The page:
The media may be overhyping the threat of card fraud, but it is time to rethink our reliance on passwords.
Despite a recent report from the House of Lords that painted a picture of the internet as a world full of outlaws, online shopping is going from strength to strength. Precise figures are hard to come by, but it seems certain that a sizeable chunk of the national Christmas overdraft has ended up in the bank accounts of Amazon, Play and the like.
As bank robber Willy Sutton famously pointed out, criminals go where the money is, and go there often. So it should come as no surprise that online fraud is a growing problem. According to the latest figures from APACS, internet-related fraud in the UK reached £150 million in 2006, accounting for 75 per cent of all "cardholder-not-present" fraud.
All of this makes great news copy, so a good scare story about online fraud is sure to please the audience (and the advertisers). A recent story on Channel 4 News highlighted a "serious flaw" in Visa's online security. Visa now has a "Verified by Visa" scheme that associates a secret password with your Visa card details, and participating vendors require the password before completing your purchase.
Channel 4 found out that you could reset the password with nothing more than the credit card number, expiry date, card verification value, full name and date of birth of the owner. Yes, that's right, if you have someone else's credit card in your possession, apparently you can use it fraudulently. This is, of course, a new and frightening development.
Sorry, I can't keep a straight face any longer. It should be blatantly obvious to anyone that you shouldn't give your card to someone you don't trust. Channel 4 also failed to point out that MasterCard's equivalent scheme is equally "vulnerable".
And it missed the point that these schemes are primarily aimed at protecting the merchant, who generally bears the cost of cardholder-not-present fraud; rather than the cardholders, who are fairly well protected by the banking code unless they've been particularly careless.
There is a grain of truth in the story, though. The increasing use of "soft secrets" such as date of birth, mother's maiden name and first school provides little protection against a reasonably skilled crook. The recent rapid growth in the popularity of Facebook, MySpace and other social-networking sites, combined with the ease with which automated data trawling can be performed, has made life easier for the would-be fraudster.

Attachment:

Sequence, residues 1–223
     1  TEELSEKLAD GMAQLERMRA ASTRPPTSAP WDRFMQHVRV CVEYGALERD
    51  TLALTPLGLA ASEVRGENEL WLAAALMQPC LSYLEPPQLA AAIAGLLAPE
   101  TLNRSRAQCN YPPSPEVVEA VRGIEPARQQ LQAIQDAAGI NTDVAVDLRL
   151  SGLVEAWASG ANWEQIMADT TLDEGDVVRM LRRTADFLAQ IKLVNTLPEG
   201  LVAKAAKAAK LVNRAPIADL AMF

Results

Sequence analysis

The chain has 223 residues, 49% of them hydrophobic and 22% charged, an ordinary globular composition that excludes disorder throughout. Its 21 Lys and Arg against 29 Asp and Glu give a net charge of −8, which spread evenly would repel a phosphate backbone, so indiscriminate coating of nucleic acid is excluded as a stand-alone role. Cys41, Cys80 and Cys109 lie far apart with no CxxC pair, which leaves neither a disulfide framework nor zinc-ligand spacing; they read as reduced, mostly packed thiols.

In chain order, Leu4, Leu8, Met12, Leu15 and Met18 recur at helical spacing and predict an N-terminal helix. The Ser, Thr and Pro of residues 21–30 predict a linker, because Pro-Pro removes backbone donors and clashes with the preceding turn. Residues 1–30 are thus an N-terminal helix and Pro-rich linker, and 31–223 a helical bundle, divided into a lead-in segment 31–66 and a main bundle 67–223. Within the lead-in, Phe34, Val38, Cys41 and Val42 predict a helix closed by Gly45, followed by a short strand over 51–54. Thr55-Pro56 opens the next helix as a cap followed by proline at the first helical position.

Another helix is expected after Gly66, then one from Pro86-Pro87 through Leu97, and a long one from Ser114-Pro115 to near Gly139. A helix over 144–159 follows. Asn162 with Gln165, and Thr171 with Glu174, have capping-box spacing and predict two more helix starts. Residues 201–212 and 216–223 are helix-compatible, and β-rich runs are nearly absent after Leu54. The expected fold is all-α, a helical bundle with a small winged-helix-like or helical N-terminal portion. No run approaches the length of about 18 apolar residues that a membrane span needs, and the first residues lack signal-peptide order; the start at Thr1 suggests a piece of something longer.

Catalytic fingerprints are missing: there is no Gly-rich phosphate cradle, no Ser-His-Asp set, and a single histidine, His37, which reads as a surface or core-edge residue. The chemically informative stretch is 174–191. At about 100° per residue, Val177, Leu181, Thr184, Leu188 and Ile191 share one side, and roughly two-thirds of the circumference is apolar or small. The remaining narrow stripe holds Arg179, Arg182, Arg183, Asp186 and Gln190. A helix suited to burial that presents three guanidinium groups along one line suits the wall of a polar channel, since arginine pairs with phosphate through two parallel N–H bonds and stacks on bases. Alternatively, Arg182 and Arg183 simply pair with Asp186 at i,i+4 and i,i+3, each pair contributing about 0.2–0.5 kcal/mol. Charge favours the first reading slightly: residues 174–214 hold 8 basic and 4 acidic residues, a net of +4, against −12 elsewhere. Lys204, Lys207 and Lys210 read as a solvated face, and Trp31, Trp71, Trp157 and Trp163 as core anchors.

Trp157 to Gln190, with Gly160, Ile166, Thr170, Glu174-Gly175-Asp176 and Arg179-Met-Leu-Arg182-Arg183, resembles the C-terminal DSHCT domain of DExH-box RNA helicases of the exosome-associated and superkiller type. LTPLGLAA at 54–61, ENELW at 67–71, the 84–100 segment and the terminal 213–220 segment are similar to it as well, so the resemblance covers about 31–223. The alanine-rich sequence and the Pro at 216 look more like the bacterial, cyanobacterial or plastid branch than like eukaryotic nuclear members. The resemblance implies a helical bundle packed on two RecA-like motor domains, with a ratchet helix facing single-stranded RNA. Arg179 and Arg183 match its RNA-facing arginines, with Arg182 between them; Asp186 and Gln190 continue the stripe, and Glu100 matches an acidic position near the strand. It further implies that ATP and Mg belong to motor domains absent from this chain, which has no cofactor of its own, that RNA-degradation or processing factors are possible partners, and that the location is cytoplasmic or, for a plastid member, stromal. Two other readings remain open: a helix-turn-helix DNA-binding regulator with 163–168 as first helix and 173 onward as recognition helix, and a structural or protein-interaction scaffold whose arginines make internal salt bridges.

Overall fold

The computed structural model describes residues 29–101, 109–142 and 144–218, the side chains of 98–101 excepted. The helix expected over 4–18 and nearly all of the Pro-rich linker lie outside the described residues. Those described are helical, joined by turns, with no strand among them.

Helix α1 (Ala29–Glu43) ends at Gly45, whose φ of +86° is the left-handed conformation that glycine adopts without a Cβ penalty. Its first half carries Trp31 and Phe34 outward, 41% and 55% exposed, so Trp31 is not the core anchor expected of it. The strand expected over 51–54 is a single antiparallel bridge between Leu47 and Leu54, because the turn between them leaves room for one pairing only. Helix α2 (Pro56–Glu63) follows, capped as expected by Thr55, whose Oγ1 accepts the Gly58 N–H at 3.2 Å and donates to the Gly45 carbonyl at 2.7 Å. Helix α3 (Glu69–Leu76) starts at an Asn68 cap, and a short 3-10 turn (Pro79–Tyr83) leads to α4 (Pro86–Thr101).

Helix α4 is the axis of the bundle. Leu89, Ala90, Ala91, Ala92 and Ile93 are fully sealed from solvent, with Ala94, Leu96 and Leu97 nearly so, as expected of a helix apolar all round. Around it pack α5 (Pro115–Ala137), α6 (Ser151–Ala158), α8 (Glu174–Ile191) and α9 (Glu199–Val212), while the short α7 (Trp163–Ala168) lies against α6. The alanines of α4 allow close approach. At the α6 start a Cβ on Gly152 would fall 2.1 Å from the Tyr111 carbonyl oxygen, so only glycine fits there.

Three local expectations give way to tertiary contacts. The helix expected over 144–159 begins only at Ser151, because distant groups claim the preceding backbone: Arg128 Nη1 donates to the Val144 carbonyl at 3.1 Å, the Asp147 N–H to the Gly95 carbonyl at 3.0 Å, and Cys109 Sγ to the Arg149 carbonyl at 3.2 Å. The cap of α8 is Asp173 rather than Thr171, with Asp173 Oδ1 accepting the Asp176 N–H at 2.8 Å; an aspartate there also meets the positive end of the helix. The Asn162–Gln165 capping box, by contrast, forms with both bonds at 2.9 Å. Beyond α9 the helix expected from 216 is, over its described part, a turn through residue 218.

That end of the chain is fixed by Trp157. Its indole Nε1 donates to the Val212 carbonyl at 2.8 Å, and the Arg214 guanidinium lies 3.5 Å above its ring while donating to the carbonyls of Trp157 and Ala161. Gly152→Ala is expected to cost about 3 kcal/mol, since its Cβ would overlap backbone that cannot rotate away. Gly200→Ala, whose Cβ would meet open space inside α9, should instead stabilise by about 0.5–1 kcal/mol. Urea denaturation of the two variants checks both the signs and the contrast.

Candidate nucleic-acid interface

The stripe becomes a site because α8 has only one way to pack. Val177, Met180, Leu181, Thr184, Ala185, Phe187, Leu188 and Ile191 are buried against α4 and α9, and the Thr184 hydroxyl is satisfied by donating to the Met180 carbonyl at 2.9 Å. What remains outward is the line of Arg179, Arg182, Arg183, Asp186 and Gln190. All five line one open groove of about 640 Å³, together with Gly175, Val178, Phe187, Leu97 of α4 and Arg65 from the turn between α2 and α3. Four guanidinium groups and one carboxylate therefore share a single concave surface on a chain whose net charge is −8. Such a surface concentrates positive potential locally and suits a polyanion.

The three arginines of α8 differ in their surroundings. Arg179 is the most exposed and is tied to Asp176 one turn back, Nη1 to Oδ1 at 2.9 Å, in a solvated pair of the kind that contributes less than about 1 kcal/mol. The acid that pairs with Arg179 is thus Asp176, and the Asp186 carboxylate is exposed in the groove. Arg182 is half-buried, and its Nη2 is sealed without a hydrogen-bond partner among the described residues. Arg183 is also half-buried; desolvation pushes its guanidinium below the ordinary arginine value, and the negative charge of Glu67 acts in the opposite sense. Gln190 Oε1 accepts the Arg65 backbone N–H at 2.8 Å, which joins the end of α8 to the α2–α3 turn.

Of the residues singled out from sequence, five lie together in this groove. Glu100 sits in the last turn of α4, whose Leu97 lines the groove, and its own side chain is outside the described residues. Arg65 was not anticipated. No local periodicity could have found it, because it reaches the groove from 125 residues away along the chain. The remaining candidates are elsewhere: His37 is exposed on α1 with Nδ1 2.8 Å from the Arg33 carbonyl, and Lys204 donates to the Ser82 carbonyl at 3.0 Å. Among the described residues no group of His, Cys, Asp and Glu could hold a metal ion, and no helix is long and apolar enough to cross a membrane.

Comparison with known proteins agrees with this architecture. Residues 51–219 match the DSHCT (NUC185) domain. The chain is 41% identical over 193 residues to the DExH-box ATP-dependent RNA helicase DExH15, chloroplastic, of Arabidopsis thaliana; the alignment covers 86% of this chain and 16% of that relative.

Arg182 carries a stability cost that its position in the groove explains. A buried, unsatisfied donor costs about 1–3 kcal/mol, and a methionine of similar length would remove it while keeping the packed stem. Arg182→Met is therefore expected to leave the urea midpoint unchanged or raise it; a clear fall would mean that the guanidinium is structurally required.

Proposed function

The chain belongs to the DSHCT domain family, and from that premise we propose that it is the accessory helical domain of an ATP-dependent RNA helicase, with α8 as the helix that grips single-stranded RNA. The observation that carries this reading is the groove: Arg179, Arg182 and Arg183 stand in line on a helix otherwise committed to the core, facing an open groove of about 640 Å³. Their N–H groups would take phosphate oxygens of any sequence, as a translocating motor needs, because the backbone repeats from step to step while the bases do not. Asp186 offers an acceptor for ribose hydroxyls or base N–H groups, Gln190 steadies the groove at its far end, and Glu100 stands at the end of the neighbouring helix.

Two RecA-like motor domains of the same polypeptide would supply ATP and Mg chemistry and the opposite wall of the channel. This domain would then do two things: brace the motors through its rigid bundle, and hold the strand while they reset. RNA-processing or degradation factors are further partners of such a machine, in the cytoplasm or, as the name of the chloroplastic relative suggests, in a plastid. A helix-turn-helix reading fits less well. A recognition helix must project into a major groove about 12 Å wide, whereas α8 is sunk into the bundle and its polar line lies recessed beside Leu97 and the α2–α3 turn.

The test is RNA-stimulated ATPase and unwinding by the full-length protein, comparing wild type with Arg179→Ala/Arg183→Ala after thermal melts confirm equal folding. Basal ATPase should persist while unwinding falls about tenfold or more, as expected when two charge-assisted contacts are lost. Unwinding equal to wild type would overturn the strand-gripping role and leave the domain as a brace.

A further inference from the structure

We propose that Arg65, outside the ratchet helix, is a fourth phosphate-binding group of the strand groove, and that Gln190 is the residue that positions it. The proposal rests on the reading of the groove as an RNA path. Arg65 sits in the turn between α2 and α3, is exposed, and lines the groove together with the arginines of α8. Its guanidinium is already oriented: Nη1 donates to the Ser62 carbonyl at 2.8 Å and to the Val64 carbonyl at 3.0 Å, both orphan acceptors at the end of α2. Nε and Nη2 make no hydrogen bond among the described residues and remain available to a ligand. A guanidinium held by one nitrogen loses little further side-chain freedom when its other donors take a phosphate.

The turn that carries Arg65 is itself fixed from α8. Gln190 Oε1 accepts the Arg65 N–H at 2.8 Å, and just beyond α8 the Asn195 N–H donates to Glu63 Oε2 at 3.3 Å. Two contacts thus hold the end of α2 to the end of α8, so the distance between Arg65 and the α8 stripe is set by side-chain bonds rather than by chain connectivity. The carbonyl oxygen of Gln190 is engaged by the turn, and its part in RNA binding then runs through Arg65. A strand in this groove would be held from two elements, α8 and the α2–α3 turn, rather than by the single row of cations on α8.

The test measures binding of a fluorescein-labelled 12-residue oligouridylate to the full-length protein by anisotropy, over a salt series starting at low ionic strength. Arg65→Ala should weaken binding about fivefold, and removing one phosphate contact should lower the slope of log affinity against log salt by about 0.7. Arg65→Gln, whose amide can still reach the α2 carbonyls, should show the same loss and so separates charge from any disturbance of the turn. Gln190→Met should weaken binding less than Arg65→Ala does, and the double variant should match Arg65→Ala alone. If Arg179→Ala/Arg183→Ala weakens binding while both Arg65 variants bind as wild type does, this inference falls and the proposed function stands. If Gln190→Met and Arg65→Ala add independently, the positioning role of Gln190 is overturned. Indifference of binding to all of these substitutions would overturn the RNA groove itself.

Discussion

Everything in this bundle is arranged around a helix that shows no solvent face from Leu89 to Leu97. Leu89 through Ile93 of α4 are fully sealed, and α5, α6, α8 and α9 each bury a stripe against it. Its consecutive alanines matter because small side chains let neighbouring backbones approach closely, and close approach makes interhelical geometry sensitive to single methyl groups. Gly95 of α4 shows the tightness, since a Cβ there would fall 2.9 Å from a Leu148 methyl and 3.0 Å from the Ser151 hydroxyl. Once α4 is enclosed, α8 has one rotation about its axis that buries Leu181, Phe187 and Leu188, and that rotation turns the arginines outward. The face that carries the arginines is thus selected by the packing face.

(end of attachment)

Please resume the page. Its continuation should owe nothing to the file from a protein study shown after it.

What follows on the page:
It would be simple, you would think, to adopt a monarch-like attitude and assume a second birthday for authentication purposes. The problem with this is that, ironically, it may set off anti-fraud measures (try giving a false name, date of birth and address to a bank), and also you have the dubious joy of remembering who thinks you were born when.
The more sensible systems will let you choose your own questions, but unfortunately these are often from a predefined list (pet's name, for example, which wouldn't resist a dictionary attack in many cases). You are then left with the choice of producing bogus answers, and remembering them when necessary. As such questions are generally required only when you've forgotten your normal login credentials, this can be problematic.
For the credit-card business there is some hope in the form of hardware devices that generate a one-time password from your card and PIN. These are not perfect, as there's still the risk of man-in-the-middle attacks, but they get around many of the more basic problems. A simpler and non-technical option would be a more standardised and out-of-band verification process for delivery addresses, which would cut "physical delivery" fraud significantly.
There is some good news though. Card fraud is currently running at 0.095 percent of overall card spending, less than a third of its 1991 peak. Far from perfect, but heading in the right direction. A few simple changes by the card issuers could drive this down even further.
Nick Barron is a security consultant. He can be contacted at firstname.lastname@example.org.